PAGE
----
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    ABSTRACT: Porphyromonas gingivalis, a periodontal pathogen can invade primary cultures of gingival epithelial cells. This invasion was significantly inhibited (74-81%) by thapsigargin and 1,2-bis(2-aminophenoxy)ethane-N,N,N1,N1-tetraacetic acid, acetoxymethyl ester (BAPTA/AM), but not by EDTA or amiloride. Release of Ca2+ from an intracellular store and the subsequent increase in cytosolic [Ca2+] may, therefore, be involved in the invasion process, while Ca2+ influx is not. Moreover, cytosolic [Ca2+] was found to increase transiently in about 30% of gingival epithelial cells acutely exposed to P. gingivalis, but not in unexposed cells, or in cells exposed to noninvasive Escherichia coli. These findings indicate that P. gingivalis invasion of epithelial cells is correlated with activation of [Ca2+]-dependent host cell signaling systems.
    FEMS Microbiology Letters 12/1996; 144(2-3):145-50. · 2.72 Impact Factor
  • S Fatherazi, K T Izutsu, J R Martinez
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    ABSTRACT: Using the whole-cell patch-clamp technique, we investigated developmental changes in the expression of an acetylcholine- (Ach-) activated Cl- conductance in rat submandibular acinar cells. ACh induced an oscillatory inward current in cells isolated from animals older than 5 weeks, but not in animals less than 2-3 weeks of age. The current/voltage (I/V) relationship of the ACh-induced current was that of an outward rectifier, and the current was inhibited by intracellular BAPTA, a Ca2+ buffer, indicating the current was Ca2+ activated. The ACh-induced current was also blocked in the presence of DPC and SITS, two Cl- current inhibitors in other tissues. Ionomycin mimicked the effect of ACh but in a nonoscillatory fashion. The appearance of the ionomycin-induced currents was also age related, as the current was not observed to occur in animals less than 2-3 weeks old. Since both ACh and ionomycin significantly increase cytosolic [Ca2+] in the acinar cells of young animals, the correlation between the age dependence of the ACh-activated Cl- current and the ionomycin-activated Cl- current responses suggests that the lack of responsiveness observed in the young animals is due to the absence of Ca2+-activated Cl- channels, rather than to a deficiency of a cellular mediator.
    Pflügers Archiv - European Journal of Physiology 11/1996; 433(1-2):116-22. DOI:10.1007/s004240050256 · 3.07 Impact Factor
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    ABSTRACT: The relations between K+ channel and Cl- channel currents and mycoplasma infection status were studied longitudinally in HSG cells, a human submandibular gland cell line. The K+ channel currents were disrupted by the occurrence of mycoplasma infection: muscarinic activation of K+ channels and K+ channel expression as estimated by ionomycin- or hypotonically induced K+ current responses were all decreased. Similar decreases in ionomycin- and hypotonically induced responses were observed for Cl- channels, but only the latter decrease was statistically significant. Also, Cl- currents could be elicited more frequently than K+ currents (63% of cases versus 0%) in infected cells when tested by exposure to hypotonic media, indicating that mycoplasma infection affects K+ channels relatively more than Cl- channels. These changes occurred in the originally infected cells, were ameliorated when the infection was cleared with sparfloxacin, and recurred when the cells were reinfected. Such changes would be expected to result in hyposecretion of salivary fluid if they occurred in vivo.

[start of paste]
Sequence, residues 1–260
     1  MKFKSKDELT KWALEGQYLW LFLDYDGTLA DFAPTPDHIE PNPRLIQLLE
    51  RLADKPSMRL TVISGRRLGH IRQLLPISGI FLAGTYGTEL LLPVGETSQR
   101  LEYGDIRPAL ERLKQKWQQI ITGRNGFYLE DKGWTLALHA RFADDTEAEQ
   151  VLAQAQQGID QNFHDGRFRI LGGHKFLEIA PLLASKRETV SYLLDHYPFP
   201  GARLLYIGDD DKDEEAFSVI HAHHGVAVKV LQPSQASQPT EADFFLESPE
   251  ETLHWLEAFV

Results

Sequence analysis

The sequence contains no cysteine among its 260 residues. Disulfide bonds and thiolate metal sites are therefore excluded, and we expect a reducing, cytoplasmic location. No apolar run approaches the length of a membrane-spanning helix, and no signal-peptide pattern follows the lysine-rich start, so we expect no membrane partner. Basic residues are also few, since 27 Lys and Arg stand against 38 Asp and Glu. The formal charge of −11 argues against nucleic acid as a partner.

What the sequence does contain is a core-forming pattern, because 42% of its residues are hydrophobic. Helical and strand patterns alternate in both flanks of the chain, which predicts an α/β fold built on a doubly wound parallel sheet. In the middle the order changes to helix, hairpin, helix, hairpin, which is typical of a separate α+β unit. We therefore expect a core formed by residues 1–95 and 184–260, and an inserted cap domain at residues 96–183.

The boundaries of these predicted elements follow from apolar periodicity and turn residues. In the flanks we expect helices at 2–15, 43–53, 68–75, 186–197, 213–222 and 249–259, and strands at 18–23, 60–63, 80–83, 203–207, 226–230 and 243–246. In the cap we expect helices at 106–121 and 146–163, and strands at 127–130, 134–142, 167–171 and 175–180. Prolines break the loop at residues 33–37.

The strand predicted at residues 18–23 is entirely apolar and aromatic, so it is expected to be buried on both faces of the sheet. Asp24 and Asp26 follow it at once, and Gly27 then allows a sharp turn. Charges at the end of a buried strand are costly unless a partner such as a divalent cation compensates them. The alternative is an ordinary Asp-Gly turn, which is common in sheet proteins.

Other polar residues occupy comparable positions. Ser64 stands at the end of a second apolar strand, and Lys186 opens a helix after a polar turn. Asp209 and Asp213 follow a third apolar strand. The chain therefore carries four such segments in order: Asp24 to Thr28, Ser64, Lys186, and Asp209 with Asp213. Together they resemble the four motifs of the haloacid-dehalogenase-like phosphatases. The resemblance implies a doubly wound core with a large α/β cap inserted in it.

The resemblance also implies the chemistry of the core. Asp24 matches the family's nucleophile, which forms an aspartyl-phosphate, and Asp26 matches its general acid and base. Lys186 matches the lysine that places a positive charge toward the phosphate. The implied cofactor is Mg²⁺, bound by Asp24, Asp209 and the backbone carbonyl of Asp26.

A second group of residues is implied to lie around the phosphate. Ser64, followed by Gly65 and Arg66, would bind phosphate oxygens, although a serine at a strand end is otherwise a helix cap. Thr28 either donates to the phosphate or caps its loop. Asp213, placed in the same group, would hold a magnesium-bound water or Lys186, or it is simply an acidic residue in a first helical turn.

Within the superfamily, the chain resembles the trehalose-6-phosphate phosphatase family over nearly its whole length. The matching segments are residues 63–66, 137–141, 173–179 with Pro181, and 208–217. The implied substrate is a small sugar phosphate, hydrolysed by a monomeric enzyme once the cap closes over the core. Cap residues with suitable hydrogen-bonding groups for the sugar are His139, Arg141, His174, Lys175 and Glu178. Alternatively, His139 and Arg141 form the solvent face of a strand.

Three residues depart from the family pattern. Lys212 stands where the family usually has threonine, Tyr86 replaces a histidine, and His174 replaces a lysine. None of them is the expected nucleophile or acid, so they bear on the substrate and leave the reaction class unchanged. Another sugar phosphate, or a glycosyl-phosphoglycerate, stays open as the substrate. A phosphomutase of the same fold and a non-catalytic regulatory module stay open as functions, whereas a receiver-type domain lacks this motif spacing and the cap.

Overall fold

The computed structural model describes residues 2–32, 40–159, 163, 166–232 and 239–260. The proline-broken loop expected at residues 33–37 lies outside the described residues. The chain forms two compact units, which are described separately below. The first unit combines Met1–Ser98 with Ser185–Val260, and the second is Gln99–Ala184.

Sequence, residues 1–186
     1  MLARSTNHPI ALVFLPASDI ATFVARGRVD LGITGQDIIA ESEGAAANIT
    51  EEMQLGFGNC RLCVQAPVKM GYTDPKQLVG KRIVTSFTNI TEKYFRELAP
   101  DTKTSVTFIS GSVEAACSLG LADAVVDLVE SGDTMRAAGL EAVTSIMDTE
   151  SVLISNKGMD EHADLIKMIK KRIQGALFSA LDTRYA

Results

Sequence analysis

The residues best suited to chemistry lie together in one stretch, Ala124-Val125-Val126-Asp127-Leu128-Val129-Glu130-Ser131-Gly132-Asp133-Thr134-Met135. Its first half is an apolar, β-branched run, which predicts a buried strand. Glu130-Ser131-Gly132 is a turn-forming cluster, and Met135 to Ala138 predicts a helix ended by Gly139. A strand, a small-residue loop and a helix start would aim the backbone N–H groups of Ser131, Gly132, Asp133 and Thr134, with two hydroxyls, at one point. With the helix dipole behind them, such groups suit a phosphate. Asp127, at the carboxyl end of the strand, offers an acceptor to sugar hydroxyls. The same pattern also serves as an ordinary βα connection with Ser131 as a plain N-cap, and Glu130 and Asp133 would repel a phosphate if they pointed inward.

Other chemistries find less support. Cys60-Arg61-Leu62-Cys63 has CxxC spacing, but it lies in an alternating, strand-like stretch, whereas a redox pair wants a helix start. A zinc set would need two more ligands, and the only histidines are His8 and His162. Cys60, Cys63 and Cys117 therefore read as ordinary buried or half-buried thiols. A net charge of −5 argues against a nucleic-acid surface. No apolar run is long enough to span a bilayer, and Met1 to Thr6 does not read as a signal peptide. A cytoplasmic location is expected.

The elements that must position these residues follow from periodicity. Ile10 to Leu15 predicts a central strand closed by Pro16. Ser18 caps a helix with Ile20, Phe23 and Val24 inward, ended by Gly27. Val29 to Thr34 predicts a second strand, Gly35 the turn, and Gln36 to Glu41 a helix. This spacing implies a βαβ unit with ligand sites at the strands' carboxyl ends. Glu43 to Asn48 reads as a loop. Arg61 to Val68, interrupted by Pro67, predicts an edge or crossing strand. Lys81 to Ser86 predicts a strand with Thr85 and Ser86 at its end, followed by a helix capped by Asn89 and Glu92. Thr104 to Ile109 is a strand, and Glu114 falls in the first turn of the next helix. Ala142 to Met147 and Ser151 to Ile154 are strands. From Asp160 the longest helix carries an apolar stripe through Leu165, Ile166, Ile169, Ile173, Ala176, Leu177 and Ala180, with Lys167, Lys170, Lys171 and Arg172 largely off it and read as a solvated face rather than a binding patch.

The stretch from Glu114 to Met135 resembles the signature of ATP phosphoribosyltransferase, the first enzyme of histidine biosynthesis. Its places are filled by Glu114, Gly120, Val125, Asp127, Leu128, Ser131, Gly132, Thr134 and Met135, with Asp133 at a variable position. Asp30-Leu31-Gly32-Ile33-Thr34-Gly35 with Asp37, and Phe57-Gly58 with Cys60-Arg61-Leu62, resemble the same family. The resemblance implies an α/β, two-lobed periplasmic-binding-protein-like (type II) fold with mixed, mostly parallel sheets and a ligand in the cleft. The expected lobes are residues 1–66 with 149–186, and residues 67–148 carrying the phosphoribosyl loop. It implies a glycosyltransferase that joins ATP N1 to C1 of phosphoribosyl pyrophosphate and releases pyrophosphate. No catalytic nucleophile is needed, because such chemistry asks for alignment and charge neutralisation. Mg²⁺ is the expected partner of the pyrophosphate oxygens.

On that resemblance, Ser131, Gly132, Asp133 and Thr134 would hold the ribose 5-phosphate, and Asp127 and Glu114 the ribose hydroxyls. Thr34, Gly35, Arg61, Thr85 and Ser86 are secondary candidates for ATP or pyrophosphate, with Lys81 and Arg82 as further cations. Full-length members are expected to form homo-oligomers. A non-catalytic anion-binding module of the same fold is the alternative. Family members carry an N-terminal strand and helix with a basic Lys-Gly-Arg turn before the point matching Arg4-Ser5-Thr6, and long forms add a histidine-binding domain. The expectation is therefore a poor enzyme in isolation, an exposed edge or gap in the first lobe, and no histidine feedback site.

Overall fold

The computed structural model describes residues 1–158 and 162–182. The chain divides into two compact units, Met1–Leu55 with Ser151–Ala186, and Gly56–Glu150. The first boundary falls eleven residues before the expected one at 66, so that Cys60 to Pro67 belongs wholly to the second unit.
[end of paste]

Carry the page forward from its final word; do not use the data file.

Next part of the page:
In Vitro Cellular & Developmental Biology - Animal 07/1996; 32(6):361-5. DOI:10.1007/BF02722962 · 1.00 Impact Factor
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    ABSTRACT: Porphyromonas gingivalis, a periodontal pathogen, can invade primary cultures of gingival epithelial cells. Optimal invasion occurred at a relatively low multiplicity of infection (i.e., 100) and demonstrated saturation at a higher multiplicity of infection. Following the lag phase, during which bacteria invaded poorly, invasion was independent of growth phase. P. gingivalis was capable of replicating within the epithelial cells. Invasion was an active process requiring both bacterial and epithelial cell energy production. Invasion was sensitive to inhibitors of microfilaments and microtubules, demonstrating that epithelial cell cytoskeletal rearrangements are involved in bacterial entry. P. gingivalis, but not epithelial cell, protein synthesis was necessary for invasion. Invasion within the epithelial cells was not blocked by inhibitors of protein kinase activity. Invasion was inhibited by protease inhibitors, suggesting that P. gingivalis proteases may be involved in the invasion process. Low-passage clinical isolates of P. gingivalis invaded with higher efficiency than the type strain. Serum inhibited invasion of the type strain but had no effect on the invasion of a clinical isolate. Invasion of gingival epithelial cells by P. gingivalis may contribute to the pathology of periodontal diseases.
    Infection and Immunity 11/1995; 63(10):3878-85. · 4.16 Impact Factor